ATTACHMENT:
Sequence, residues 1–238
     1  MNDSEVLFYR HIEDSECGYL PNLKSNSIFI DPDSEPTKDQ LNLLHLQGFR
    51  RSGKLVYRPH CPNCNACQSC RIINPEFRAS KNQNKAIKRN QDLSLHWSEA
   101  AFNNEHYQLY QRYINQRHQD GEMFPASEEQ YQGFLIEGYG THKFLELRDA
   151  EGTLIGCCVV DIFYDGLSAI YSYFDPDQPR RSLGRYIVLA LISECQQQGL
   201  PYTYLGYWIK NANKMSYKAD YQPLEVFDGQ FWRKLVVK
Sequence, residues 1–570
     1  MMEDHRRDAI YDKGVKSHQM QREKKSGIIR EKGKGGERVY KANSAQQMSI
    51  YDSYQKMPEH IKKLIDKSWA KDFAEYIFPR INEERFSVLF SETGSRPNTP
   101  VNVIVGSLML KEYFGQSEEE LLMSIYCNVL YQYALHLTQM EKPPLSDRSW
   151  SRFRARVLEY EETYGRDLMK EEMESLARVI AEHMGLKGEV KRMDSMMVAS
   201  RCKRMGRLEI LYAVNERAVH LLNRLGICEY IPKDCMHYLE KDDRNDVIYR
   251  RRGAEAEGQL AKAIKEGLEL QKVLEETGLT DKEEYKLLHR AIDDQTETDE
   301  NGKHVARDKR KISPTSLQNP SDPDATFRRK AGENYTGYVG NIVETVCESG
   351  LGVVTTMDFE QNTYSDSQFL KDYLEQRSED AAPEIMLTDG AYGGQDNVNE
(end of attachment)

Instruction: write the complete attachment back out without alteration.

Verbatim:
Sequence, residues 1–238
     1  MNDSEVLFYR HIEDSECGYL PNLKSNSIFI DPDSEPTKDQ LNLLHLQGFR
    51  RSGKLVYRPH CPNCNACQSC RIINPEFRAS KNQNKAIKRN QDLSLHWSEA
   101  AFNNEHYQLY QRYINQRHQD GEMFPASEEQ YQGFLIEGYG THKFLELRDA
   151  EGTLIGCCVV DIFYDGLSAI YSYFDPDQPR RSLGRYIVLA LISECQQQGL
   201  PYTYLGYWIK NANKMSYKAD YQPLEVFDGQ FWRKLVVK
Sequence, residues 1–570
     1  MMEDHRRDAI YDKGVKSHQM QREKKSGIIR EKGKGGERVY KANSAQQMSI
    51  YDSYQKMPEH IKKLIDKSWA KDFAEYIFPR INEERFSVLF SETGSRPNTP
   101  VNVIVGSLML KEYFGQSEEE LLMSIYCNVL YQYALHLTQM EKPPLSDRSW
   151  SRFRARVLEY EETYGRDLMK EEMESLARVI AEHMGLKGEV KRMDSMMVAS
   201  RCKRMGRLEI LYAVNERAVH LLNRLGICEY IPKDCMHYLE KDDRNDVIYR
   251  RRGAEAEGQL AKAIKEGLEL QKVLEETGLT DKEEYKLLHR AIDDQTETDE
   301  NGKHVARDKR KISPTSLQNP SDPDATFRRK AGENYTGYVG NIVETVCESG
   351  LGVVTTMDFE QNTYSDSQFL KDYLEQRSED AAPEIMLTDG AYGGQDNVNE